Christmas spirt rings differently in Europe


Hunter Miller

Christmas means something different to everyone, but in Europe traditions are drastically different than in the U.S.

Claire Peralta, Staff Reporter

The twinkling lights of festive homes and the soft light of the manger in which the baby Jesus was born are slowly being outshone by the harsh lights of Wal-Mart and Toys-R-Us. It seems as though societies around the world, especially America, are redirecting their focus to the brighter lights of stores and their material possessions rather than focusing on spending quality time with loved ones and celebrating the birth of the Baby Jesus on Christmas. Over recent centuries societies have begun to transform this holiday into yet another commercial opportunity for card companies and toy manufacturers to take advantage of.

American Christmas is a unique mix of traditions taken from our ancestors, with the German Christmas tree, the Dutch Christmas cookie, and the British Christmas card being a few. On top of all of these traditions, Americans have created so many new shopping expectations that further tarnish what should be the true spirit of Christmas. Don’t get me wrong, I am all for giving and receiving presents, I’m a teenage girl, but material goods are not what the holiday should be centered around.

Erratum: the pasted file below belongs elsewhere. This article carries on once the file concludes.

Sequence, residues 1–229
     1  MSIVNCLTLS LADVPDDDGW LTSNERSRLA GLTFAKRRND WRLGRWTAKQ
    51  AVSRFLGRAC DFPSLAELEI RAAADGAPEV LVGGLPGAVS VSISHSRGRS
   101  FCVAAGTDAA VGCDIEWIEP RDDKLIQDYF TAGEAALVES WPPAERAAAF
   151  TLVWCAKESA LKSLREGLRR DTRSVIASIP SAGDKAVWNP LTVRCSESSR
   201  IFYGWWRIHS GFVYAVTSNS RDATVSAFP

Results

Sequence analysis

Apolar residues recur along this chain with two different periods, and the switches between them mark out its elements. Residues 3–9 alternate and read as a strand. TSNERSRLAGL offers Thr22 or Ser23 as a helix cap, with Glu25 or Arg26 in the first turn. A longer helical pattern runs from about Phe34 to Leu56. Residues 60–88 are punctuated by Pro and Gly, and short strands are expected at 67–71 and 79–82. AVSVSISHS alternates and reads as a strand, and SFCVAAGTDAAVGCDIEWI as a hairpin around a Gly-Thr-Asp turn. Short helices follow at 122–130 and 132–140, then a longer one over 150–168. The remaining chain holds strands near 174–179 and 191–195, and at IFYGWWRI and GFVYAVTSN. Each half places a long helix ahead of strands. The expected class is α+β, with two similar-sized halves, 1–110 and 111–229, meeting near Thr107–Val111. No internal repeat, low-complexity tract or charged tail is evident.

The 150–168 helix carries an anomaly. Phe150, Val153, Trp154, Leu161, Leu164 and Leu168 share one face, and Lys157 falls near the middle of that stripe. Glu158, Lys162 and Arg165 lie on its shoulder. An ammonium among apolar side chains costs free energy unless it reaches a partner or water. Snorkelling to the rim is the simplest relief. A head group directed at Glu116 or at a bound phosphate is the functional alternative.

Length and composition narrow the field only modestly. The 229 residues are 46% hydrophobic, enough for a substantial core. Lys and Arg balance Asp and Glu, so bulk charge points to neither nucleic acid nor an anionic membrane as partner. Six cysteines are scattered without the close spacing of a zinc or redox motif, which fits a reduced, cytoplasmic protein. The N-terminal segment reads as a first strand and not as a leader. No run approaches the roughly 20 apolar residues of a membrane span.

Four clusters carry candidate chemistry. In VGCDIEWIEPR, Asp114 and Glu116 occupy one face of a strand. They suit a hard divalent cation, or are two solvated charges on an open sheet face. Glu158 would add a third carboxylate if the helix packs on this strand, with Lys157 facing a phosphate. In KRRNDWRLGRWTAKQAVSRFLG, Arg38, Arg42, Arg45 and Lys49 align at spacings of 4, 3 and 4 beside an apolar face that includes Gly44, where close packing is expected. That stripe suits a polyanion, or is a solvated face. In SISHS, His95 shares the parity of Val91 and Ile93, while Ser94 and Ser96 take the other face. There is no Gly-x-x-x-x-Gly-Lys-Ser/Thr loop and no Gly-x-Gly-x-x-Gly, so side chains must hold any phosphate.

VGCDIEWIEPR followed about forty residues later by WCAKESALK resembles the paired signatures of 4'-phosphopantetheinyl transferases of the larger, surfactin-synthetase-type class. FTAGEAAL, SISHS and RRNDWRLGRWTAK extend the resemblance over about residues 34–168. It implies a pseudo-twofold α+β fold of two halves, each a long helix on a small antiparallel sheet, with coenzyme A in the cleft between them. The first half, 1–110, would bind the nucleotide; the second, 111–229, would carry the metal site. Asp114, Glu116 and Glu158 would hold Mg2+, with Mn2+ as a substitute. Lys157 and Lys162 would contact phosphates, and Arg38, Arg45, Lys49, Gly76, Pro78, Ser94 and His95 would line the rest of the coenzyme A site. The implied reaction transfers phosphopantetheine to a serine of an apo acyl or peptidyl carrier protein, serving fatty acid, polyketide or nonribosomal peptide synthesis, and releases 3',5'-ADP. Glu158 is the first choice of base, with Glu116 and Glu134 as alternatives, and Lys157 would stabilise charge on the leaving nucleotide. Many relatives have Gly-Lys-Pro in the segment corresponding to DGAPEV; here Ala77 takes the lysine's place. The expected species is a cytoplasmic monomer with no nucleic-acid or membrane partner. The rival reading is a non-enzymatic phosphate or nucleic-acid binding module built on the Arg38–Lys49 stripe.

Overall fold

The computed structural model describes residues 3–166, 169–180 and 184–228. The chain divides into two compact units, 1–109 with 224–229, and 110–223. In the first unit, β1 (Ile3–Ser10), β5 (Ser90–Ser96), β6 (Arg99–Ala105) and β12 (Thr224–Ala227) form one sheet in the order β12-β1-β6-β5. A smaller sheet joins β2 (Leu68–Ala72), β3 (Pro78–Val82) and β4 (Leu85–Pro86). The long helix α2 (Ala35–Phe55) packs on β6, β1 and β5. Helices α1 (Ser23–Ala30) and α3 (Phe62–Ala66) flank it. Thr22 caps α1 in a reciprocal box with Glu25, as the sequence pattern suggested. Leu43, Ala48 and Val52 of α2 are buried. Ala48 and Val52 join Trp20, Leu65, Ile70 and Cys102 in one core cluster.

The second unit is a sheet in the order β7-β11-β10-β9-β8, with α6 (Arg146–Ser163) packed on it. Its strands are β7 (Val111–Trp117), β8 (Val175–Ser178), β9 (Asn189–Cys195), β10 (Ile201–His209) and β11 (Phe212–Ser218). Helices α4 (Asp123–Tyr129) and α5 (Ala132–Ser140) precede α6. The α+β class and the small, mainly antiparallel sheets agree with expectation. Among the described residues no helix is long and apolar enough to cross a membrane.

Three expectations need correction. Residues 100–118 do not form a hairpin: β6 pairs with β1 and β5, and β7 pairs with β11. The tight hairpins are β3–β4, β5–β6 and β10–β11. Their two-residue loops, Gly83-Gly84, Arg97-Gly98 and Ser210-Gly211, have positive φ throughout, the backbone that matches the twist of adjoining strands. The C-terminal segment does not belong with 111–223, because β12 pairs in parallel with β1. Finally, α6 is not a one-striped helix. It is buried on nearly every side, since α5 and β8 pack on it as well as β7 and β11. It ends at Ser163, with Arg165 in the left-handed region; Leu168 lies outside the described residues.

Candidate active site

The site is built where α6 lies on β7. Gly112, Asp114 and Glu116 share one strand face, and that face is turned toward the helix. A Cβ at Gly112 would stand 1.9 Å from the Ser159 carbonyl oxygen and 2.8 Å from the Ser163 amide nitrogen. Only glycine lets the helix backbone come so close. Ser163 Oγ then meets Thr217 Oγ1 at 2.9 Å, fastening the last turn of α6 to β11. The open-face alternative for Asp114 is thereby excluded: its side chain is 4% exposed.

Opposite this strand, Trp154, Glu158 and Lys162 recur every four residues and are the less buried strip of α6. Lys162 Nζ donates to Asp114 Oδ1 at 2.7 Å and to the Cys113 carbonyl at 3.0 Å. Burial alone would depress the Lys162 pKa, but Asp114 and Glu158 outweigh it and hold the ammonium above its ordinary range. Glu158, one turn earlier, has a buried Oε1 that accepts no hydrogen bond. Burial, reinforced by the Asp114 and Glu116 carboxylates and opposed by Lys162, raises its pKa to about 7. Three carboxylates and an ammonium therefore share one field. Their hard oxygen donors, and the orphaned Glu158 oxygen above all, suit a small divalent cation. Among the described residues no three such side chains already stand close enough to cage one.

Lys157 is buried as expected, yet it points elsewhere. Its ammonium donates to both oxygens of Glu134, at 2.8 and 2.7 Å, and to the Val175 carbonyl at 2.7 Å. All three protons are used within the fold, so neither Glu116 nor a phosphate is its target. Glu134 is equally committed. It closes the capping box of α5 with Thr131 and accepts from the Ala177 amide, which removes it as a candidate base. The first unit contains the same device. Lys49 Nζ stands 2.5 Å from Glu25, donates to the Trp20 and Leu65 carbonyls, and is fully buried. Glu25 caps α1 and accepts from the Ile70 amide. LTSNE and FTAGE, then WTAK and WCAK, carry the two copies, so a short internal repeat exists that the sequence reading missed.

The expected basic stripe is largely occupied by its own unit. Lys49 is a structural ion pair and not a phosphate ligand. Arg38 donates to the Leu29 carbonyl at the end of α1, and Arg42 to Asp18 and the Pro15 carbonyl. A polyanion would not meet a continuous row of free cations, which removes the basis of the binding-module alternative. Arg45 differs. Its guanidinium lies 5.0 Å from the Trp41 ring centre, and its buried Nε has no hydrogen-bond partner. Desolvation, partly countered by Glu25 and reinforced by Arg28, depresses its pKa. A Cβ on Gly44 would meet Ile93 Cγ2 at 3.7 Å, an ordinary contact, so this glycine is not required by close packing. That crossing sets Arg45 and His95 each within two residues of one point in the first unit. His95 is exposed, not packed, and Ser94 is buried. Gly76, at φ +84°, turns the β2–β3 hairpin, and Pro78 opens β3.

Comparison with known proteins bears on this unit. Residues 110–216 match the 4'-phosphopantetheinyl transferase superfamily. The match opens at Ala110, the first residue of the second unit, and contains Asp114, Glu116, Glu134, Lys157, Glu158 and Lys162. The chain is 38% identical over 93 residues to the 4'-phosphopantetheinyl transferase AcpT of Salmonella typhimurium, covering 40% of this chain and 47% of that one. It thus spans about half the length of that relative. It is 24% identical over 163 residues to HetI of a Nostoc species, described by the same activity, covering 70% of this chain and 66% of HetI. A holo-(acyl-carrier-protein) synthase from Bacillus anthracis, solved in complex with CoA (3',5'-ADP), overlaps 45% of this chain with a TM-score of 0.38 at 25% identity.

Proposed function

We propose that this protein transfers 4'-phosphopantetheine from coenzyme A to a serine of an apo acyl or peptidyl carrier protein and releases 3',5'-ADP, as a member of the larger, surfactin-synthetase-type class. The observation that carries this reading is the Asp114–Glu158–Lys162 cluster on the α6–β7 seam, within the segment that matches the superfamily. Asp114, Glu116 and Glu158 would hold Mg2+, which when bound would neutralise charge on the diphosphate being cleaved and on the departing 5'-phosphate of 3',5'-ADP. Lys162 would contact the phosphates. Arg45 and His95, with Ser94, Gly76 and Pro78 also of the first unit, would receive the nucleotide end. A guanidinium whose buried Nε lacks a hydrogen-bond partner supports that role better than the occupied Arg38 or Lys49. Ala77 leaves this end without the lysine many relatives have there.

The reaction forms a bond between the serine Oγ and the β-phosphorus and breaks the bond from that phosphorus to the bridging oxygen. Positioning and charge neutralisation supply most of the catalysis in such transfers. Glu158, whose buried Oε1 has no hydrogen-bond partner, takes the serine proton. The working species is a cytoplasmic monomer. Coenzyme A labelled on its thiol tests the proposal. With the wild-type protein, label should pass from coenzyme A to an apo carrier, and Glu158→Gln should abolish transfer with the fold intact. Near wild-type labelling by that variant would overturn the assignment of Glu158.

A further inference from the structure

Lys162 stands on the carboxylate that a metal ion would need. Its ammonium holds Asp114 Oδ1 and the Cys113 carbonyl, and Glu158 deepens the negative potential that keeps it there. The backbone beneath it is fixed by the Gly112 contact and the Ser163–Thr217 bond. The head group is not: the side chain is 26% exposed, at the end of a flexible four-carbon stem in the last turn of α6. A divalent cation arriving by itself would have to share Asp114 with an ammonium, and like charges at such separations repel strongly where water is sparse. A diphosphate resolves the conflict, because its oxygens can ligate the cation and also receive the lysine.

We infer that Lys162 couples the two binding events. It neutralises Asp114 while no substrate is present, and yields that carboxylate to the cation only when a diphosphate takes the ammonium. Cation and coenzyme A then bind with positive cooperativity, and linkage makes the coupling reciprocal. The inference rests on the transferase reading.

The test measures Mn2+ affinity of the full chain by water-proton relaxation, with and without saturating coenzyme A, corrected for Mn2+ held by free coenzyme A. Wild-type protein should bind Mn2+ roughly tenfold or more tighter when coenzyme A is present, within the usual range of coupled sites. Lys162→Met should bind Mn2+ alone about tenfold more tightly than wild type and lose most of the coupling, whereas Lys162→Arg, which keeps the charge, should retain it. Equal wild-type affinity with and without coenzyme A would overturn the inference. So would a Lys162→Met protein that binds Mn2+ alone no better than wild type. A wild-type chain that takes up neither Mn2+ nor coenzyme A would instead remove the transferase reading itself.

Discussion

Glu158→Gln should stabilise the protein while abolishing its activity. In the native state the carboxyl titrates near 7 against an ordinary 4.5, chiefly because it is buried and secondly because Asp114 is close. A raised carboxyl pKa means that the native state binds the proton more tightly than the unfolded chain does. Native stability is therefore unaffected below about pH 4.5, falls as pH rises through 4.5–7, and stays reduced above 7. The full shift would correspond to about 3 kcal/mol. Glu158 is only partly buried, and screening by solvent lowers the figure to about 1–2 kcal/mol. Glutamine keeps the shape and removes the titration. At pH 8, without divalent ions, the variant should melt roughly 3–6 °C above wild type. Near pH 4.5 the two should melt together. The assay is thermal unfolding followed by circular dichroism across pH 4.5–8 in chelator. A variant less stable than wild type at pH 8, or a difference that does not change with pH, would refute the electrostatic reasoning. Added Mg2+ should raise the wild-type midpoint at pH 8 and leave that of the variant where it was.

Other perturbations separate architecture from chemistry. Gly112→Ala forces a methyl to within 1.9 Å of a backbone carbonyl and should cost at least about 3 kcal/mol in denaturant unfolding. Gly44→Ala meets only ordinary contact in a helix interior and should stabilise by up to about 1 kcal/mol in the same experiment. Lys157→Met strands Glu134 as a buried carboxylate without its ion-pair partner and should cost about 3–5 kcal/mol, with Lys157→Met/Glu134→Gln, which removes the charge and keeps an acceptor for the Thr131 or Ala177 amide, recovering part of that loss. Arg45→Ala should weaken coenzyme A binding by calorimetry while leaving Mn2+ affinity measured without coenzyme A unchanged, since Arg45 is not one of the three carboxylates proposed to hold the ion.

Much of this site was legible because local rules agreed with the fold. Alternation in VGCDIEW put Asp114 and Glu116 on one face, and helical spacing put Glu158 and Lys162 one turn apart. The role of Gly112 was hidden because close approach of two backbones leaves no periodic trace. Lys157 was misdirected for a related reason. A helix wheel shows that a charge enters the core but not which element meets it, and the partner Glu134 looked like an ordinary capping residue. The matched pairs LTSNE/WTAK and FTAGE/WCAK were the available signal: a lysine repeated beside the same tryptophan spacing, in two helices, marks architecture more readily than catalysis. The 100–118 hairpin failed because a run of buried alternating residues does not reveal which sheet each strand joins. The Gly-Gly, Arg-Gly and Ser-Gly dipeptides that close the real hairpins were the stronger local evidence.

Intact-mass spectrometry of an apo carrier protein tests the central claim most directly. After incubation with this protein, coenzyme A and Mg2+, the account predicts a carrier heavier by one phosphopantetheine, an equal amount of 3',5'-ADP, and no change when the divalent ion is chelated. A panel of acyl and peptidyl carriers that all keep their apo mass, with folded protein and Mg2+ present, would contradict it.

The experience while driving through towns decked out for Christmas in the U.S. and towns in Europe are completely different. Not an inflatable snowman is in sight in front of the many homes passed on the streets of Europe, nor are houses unrecognizable from the sheer amount of lights upon them. Instead of focusing on giving the most presents, or having the biggest, brightest decorations, the idea of Christmas is more focused on family and friends.

The widespread tradition of Christmas markets, originating in Germany, were created to celebrate the four weeks of advent. Today, these “Christkindlmarkts”, or Christmas markets epitomize what the holiday should be about. They offer food, drinks, locally made items for the season, singing and dancing, and often fun seasonal activities such as ice skating for families and friends to enjoy while celebrating the Christmas season together. Appreciating the holiday while spending it with your friends and family? Europeans have the right idea.

The idea of Christmas is to celebrate the birth of Baby Jesus with your friends and family, not to outshine your neighbor’s lights, nor to spend money on buying presents. Somewhere along the way, America has lost that idea. Embrace your traditions, enjoy the company of your family and your friends, and be thankful for what you have.